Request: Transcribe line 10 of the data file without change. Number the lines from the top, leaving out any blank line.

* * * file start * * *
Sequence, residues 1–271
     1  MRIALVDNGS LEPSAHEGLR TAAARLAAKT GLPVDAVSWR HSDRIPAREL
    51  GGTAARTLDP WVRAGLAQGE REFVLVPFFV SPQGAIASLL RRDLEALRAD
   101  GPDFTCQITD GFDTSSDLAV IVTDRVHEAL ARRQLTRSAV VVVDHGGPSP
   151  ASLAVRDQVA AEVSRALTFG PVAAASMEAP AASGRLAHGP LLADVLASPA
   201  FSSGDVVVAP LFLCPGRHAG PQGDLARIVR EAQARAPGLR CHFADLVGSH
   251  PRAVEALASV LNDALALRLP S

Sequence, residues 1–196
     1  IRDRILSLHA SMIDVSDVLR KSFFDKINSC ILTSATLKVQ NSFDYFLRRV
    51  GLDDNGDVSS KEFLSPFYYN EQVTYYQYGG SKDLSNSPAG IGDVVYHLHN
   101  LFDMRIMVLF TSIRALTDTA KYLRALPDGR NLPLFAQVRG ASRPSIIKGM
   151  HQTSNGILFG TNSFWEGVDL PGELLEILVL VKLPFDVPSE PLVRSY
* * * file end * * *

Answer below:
    51  GLDDNGDVSS KEFLSPFYYN EQVTYYQYGG SKDLSNSPAG IGDVVYHLHN